My colleague Sandra is out of town and was kind enough to lend me her apartment for the weekend ; it’s a cozy, tidy, and simple apartment in central Afogados, complete with the requisite hammock and ‘veranda,’ which I was looking forward to relaxing in this afternoon.  I had woken up at 4.30am this morning to head to the weekly agroecological fair in São José do Egito, and after a long day of interviewing shoppers at the fair in the strong morning sun, I was immensely looking forward to a refreshing shower, a long, cold drink of water, and a long afternoon nap upon my return.  Luckily Sandra left some bottles of water in the fridge, so I was satiated upon arriving home; however I didn’t have the same luck with the shower or the nap.

Not only was the shower faucet dry, but the bathroom sink trickled to a drip, the toilet wouldn’t flush after-the-fact, and the kitchen sink ran for a few minutes until that, too, was out of water.  I checked the building to see if there was a water meter, or a pipe that had been shut off, but all of that hardware is with the landlord downstairs and they were, of course, gone for the day.  I called Mario, the manager of the family agriculture program at Diaconia in Afogados, and he ran over, swiftly climbed up onto the roof, and reported that the ‘baude,’ or water reserve on top of the building, was dry, too.  He then climbed down into the landlord’s first floor outdoor hallway and read the water meter, which said all was okay. We also discovered one outdoor faucet with clean treated water and I was able to fill up two 16 kilogram buckets so that I could at least take a bucket bath and wash my dishes later that day.

So the water-less apartment and missing landlord predicament cause me to change my evening options- I could eat out, since there was no water in the kitchen, or cook in the kitchen of our office here.  I could take a bucket bath, or shower at the office, too.  I needed to go buy more bottled water for brushing my teeth.  And given the effort for all of this, my afternoon nap was out of the picture.  I’d gone without running water for a month at a time in rural areas of Mexico and Brazil, but this was the last thing I was expecting this afternoon!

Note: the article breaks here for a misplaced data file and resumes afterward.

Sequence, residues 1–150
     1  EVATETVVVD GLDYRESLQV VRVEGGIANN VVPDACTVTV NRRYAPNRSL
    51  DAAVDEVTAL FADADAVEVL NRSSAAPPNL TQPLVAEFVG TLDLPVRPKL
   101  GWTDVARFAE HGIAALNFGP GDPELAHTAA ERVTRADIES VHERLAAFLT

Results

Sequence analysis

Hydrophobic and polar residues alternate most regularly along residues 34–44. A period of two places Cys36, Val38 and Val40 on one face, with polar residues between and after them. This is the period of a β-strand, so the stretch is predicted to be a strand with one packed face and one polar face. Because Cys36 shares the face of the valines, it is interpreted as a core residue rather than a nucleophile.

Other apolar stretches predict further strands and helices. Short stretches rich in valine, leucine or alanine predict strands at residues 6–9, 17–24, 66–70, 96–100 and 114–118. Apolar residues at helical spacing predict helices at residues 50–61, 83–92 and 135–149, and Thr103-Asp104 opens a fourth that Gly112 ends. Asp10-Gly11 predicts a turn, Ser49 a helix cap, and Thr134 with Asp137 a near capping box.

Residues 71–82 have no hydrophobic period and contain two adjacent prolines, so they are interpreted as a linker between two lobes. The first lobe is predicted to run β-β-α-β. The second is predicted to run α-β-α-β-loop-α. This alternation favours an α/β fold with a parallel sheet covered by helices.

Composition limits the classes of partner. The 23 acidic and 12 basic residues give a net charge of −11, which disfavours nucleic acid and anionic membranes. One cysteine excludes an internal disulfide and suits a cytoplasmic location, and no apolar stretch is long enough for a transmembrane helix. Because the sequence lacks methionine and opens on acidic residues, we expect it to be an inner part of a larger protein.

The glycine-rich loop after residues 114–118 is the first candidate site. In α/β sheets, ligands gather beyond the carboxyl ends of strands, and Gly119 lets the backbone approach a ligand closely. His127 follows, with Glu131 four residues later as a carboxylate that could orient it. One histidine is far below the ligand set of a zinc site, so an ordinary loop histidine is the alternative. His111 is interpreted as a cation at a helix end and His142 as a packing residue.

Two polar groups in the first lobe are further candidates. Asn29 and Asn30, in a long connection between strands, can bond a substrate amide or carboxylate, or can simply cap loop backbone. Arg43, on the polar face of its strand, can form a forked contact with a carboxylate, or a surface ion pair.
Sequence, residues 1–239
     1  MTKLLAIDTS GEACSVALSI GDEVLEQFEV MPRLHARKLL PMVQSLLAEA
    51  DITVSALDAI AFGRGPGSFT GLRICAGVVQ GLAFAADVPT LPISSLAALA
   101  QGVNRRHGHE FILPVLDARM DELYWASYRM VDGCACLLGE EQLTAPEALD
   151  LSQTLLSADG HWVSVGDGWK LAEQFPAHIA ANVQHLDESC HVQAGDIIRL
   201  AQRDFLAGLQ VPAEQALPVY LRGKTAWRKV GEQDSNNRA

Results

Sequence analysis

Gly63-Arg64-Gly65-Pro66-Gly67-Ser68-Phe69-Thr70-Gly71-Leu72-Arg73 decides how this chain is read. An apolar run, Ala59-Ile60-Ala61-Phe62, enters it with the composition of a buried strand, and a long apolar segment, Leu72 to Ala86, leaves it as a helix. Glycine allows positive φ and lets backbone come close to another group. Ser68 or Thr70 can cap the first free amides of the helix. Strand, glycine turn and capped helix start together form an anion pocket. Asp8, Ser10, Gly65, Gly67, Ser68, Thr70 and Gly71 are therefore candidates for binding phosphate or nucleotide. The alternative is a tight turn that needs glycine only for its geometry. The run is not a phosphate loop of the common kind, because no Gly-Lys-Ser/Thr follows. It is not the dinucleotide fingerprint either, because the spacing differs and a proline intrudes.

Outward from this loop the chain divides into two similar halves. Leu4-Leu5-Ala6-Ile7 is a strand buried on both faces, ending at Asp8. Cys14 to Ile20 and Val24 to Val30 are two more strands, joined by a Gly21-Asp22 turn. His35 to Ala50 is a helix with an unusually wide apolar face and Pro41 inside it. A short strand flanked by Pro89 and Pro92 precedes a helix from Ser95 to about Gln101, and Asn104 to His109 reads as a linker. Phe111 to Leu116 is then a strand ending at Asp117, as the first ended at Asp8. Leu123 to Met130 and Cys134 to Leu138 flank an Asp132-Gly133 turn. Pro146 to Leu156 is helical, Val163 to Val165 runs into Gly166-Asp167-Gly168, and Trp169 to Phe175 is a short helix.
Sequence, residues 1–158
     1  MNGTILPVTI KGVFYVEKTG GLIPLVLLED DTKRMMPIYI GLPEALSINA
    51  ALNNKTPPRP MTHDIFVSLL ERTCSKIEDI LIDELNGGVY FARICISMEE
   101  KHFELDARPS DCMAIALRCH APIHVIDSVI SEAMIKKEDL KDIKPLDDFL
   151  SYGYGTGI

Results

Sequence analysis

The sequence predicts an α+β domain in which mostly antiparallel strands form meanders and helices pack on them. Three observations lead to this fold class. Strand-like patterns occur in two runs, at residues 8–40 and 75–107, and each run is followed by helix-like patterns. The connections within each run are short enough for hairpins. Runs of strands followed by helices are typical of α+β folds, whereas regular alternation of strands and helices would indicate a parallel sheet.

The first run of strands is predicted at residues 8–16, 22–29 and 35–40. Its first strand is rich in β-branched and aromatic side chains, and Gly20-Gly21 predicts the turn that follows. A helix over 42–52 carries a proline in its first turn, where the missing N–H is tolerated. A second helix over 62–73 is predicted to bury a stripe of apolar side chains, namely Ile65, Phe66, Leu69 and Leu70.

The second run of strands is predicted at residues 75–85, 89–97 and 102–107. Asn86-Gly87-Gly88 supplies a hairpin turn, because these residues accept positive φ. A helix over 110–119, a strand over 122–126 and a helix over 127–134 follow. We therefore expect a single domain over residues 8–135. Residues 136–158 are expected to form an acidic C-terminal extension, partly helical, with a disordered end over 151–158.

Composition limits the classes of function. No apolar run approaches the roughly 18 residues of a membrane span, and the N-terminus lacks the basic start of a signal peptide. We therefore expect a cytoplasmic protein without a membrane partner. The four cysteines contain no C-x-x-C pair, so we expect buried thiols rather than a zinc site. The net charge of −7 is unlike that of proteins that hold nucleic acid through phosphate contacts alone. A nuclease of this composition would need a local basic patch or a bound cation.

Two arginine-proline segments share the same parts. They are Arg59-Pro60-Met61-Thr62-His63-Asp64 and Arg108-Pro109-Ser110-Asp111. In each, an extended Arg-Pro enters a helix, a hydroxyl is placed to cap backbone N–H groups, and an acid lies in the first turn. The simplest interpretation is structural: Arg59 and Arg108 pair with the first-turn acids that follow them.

I then started realizing just how much water I go through in a day, much of it unnecessarily.  I leave the water running as I wash the dishes, instead of latherning them all up and then rinsing ’em all off.  I do the same when I brush my teeth, and althogh I’m pretty quick in the shower, I sometimes linger a little longer when neccesary (especially these days when I get treated to a hot shower, something we don’t have at home here!)

With the nap out of the picture and a bunch of water-full decisions to make, I avoided it all and went for a walk around the neighborhood square. After an hour of living life in the soundtrack of an ipod shuffle, I returned home to a steady, strong trickling sound; the baude on the roof was being filled again treated water that was being pumped up to the roof of the house from the city water supply.  I was able to use all 32 kilograms of water for my bucket shower (as water pressure still hasn’t returned to the shower), but I didn’t have to conserve that water for washing dishes or anything else tonight.

After a cold bucket bath and a good, appreciative teeth brush, I’m off to my belated nap, which is now turning into an early bed-time.  With a fresh perspective on the challenges of water in the Brazilian sertão – and only after my relatively privileged afternoon with 32 kgs of water as a personal back-up supply – I definitely have some new research questions for next week.  But more importantly, I’ve deepened my respect for challenges of family farming here, and am simply amazed at the wide variety of products that these family farmers are able to produce, given the dry, ‘sem-agua’ conditions of Brazil’s semi-arid region.

These delicious goodies were bought at today’s agroecological fair in São José do Egito.  Complete with locally harvested eggs (ovos de capoeira), sweet oranges, cherry tomatoes in a variety of colors, mini-papayas, pear-guava, carrots, home-made cheese, and greens, we’re set for the week!  And this was all harvested over the past week despite the region’s limited water supply — but the very innovative small-farm irrigation systems — in the ‘sem agua’ season of Brazil’s northeast.

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Inserting the culture back into agriculture

To complement yesterday’s post on creating a solidarity economy and corresponding responsible consumer culture here in Recife, I really enjoyed the reflections from fellow Fulbrighter Gustavo on his blog, Dinner-Bell.